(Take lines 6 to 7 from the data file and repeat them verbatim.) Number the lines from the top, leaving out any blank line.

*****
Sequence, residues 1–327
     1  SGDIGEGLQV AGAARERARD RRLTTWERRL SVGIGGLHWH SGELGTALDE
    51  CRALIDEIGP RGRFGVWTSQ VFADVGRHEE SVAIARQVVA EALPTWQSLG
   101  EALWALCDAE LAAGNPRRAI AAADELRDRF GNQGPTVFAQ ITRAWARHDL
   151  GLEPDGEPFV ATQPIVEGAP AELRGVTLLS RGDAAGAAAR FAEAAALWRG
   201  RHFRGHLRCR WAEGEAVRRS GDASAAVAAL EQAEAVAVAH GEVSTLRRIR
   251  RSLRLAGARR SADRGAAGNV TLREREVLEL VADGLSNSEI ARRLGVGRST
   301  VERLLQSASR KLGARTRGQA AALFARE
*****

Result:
   201  RHFRGHLRCR WAEGEAVRRS GDASAAVAAL EQAEAVAVAH GEVSTLRRIR
   251  RSLRLAGARR SADRGAAGNV TLREREVLEL VADGLSNSEI ARRLGVGRST